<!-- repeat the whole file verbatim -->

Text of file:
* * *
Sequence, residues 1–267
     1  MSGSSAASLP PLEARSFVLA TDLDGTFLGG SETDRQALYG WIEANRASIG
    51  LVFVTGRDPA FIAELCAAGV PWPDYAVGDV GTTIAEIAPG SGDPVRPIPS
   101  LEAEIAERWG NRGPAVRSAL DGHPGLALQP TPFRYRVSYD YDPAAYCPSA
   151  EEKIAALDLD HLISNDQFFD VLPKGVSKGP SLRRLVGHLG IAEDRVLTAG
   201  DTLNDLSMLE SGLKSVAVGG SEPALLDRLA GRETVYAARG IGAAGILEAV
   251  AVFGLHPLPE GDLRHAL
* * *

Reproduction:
Sequence, residues 1–267
     1  MSGSSAASLP PLEARSFVLA TDLDGTFLGG SETDRQALYG WIEANRASIG
    51  LVFVTGRDPA FIAELCAAGV PWPDYAVGDV GTTIAEIAPG SGDPVRPIPS
   101  LEAEIAERWG NRGPAVRSAL DGHPGLALQP TPFRYRVSYD YDPAAYCPSA
   151  EEKIAALDLD HLISNDQFFD VLPKGVSKGP SLRRLVGHLG IAEDRVLTAG
   201  DTLNDLSMLE SGLKSVAVGG SEPALLDRLA GRETVYAARG IGAAGILEAV
   251  AVFGLHPLPE GDLRHAL